Across the Commonwealth, school districts are beginning to announce their plans for the start of the 2020-2021 school year. Some communities are choosing not to reopen school buildings, opting instead for full distance learning for all students. Other communities are moving forward with a “hybrid” model, in which some groups of students alternate between in-person learning and distance learning, in order to ensure physical distancing in schools.
Neither of these approaches is being met with universal acclaim. Superintendents and School Committees find themselves caught between the impassioned viewpoints of two opposing camps. They are hearing from parents who advocate for at least some return to in-person schooling, in part because of fears about the long-term effects of students being out of school, without the supports and interactions they need to thrive. They’re also hearing from constituents, including many teachers’ union leaders, who insist that school buildings should remain closed altogether to protect students and staff and to prevent the spread of the virus.
Many of the 275 members of the Massachusetts Association of School Superintendents (MASS) were eager and hopeful to have their School Committee approve a hybrid model. Especially in communities where the COVID-19 infection rate is low, they are confident that schools can make the necessary adjustments to resume in-person instruction while protecting the health and safety of students and staff. These district leaders have worked diligently with local task forces throughout the spring and summer to craft reopening plans that adhere to state guidelines and “follow the science.” While so many other states across the country cannot even consider reopening schools as the infection rate continues to soar, Massachusetts is in a very different position. Many Superintendents believe that the health and safety measures they will put in place – especially the redesign of schools to ensure physical distancing, along with requirements for face covering, hand-washing, symptom screening, and rigorous cleaning and sanitizing protocols – create the conditions to begin reopening schools incrementally and responsibly.
Despite these precautions, some communities ultimately will decide, as some already have, that even a partial reopening is not worth the risk, and begin the year with all students learning from home. In those communities, Superintendents will work with teachers’ unions to design and implement distance learning plans that reflect lessons learned last spring about what worked well and what needs improvement. Districts will have to find creative ways for students and families to “meet” their new teachers, even if not in person, to establish relationships at the start of the school year. Districts operating fully remote models also will have to devise strategies to serve students with the greatest needs, particularly students with disabilities, English learners, children living in poverty, and others who were not fully engaged in distance learning from March to June. Challenging questions remain about how schools can provide additional services remotely to address students’ social-emotional needs, especially their mental and physical health.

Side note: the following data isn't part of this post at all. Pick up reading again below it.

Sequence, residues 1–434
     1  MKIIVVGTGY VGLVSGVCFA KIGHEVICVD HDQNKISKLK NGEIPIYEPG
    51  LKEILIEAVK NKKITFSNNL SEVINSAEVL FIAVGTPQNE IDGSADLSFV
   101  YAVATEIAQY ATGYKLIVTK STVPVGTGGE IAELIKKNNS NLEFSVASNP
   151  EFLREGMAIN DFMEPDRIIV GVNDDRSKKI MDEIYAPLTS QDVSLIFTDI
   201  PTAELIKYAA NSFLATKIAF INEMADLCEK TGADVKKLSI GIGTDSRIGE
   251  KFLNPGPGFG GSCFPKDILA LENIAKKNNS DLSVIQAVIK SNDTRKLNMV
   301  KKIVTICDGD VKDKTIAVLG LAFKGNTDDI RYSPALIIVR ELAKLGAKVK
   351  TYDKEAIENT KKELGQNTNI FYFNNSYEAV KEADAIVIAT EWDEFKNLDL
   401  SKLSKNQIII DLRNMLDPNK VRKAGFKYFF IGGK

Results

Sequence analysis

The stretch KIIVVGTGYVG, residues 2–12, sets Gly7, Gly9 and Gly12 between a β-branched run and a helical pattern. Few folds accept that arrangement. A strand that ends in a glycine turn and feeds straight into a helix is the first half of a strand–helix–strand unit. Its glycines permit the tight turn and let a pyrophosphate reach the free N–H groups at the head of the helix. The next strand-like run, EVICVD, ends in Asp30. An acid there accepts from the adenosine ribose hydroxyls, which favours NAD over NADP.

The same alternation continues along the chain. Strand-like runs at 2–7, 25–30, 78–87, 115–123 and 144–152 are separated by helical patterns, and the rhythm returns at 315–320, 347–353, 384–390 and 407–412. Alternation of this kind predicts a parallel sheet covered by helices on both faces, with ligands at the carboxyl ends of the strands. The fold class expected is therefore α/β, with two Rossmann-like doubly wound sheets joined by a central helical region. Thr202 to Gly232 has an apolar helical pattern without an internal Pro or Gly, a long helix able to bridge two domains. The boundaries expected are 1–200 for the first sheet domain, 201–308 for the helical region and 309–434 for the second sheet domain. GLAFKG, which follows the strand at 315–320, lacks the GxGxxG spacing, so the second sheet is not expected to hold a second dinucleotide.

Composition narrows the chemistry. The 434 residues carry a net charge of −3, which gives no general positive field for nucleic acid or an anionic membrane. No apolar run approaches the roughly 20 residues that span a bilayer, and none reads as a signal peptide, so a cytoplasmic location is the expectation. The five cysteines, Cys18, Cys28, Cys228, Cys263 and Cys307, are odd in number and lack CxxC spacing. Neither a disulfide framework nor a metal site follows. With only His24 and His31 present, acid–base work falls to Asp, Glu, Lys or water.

There is no shortage of opinions about what is the “right” way to approach the new school year. A quick scroll through any social media feed highlights the vast divide on this issue, with proponents from both sides growing increasingly fervent every day. While superintendents have looked to State officials to provide more clear direction for school opening, unless State officials change their position in the days ahead, these decisions are left solely in the hands of the superintendents and school committees. Therefore, each Superintendent has a weighty responsibility to cut through the noise, examine the facts, weigh the pros and cons, and recommend a plan that best protects and educates the students in their community. Ultimately, each proposal must be approved by the School Committee, but even their decision is not final unless the terms are negotiated with the local teachers’ union. All of this occurs while the public health situation – and the response to it – remains a moving target.
Whatever the outcome in each community, the new school year can begin successfully only if everyone involved commits to working together for the benefit of students. In the remaining weeks before students resume learning, we have a critical opportunity for parents, educators, union leaders, and community partners – regardless of the model they each wanted to see adopted – to move forward with a shared sense of purpose. We are living in imperfect times, to say the least, so while no plan can achieve a “perfect” result, let’s all strive to be creative, open-minded, resilient, and unequivocally determined to get our students back to learning.
Thomas Scott, Ed.D. is Executive Director of the Massachusetts Association of School Superintendents (MASS). Robert N. Baldwin, Ed.D. is President of MASS and Superintendent of the Fairhaven Public Schools.